An ancient, pre-historic plant, Natives including Lakota, Zuni, Tewa, Navajo, and Pueblo found many uses for this Cleome. Some ate shoots, leaves, seeds or flowers, cooked them, or ate them raw alone or together with other food. Tewa grew this with corn, beans and squash to attract pollinators to pollinate the food plants.  Infusions treated fever, and stomach aches. A poultice treated sore eyes. Lakota used this and a shrub to trap bison.  Navajo color rugs with a yellow-green dye they make from Cleome.  Pueblo Indians concentrate Cleome to make a thick, black paste to decorate baskets and pottery. Meriwether Lewis collected three of these two on the way west and one homebound traveling east.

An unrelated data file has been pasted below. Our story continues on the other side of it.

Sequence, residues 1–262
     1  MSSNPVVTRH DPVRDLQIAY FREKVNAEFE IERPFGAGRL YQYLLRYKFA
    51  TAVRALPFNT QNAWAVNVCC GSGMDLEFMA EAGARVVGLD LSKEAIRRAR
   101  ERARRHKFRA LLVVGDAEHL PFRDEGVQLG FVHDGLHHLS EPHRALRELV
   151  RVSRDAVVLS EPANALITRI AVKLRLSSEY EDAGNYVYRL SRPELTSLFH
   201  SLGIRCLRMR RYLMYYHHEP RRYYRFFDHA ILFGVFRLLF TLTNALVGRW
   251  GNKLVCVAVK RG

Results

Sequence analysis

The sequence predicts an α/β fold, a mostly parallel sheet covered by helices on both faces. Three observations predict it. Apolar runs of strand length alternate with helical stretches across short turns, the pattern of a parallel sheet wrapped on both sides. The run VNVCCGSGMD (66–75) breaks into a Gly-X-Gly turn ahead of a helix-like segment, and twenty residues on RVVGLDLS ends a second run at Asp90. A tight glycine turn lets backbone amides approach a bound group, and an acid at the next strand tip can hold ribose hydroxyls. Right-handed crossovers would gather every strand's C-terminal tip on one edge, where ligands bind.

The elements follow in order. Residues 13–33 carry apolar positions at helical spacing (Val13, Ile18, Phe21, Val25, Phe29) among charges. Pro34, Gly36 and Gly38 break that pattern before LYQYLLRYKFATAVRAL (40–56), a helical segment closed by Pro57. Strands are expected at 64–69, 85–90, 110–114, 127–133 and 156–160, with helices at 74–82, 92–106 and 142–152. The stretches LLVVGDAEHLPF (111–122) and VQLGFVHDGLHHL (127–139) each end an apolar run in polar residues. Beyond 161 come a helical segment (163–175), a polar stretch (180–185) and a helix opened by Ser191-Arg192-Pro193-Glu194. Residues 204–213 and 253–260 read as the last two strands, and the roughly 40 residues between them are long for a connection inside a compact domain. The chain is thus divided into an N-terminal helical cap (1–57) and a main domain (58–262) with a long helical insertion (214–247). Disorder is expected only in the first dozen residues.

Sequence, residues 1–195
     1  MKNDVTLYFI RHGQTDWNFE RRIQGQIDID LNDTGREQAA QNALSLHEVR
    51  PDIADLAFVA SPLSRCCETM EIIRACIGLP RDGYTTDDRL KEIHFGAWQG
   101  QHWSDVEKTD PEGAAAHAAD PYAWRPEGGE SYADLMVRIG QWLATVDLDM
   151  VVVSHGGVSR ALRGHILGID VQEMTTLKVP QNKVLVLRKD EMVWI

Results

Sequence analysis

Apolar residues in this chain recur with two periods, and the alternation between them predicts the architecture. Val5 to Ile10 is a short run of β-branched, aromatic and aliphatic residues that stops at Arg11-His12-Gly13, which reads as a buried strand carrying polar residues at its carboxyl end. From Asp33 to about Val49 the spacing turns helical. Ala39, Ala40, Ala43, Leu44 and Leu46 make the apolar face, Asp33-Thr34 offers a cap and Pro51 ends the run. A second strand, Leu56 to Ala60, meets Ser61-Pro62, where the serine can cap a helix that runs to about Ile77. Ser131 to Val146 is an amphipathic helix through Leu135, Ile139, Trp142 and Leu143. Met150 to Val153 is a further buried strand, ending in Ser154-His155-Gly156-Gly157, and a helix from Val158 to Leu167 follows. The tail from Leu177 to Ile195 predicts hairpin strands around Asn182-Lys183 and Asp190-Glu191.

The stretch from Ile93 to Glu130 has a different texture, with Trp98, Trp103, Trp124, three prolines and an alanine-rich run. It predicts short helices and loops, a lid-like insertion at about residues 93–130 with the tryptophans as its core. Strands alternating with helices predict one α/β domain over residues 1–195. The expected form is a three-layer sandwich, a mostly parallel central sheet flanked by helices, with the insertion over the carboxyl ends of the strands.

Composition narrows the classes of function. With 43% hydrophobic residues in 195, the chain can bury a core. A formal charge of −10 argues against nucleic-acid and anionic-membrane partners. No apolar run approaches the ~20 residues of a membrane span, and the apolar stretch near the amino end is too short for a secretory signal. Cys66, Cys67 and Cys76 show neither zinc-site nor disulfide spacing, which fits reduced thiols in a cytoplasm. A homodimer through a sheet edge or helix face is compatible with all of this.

• Comptonia peregrina Sweet Fern Z 2-6 SHRUB

    Grown for it’s fern like leaves, this small shrub flowers in spring with insignificant yellow flowers followed by brown nutlets. Foliage is fragrant when crushed.

    $14.95/bareroot

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    Grown for its fern like leaves, this small shrub flowers in spring with insignificant yellow flowers followed by brown nutlets. Foliage is fragrant when crushed.

    Size: 2-5’ x 4’ spreading
    Care: sun to part shade in moist, well-drained to well-drained soil. Prefers acidic, but will grow in other types of soil as well. Drought and salt tolerant.
    Native: Eastern North America, Wisconsin native
    Wildlife Value: Attracts bees, butterflies, & birds. Larval host plant for many moths, including Io moth, several Sphinx moth species, and the Anise Swallowtail butterfly. Deer resistant. Nitrogen fixer.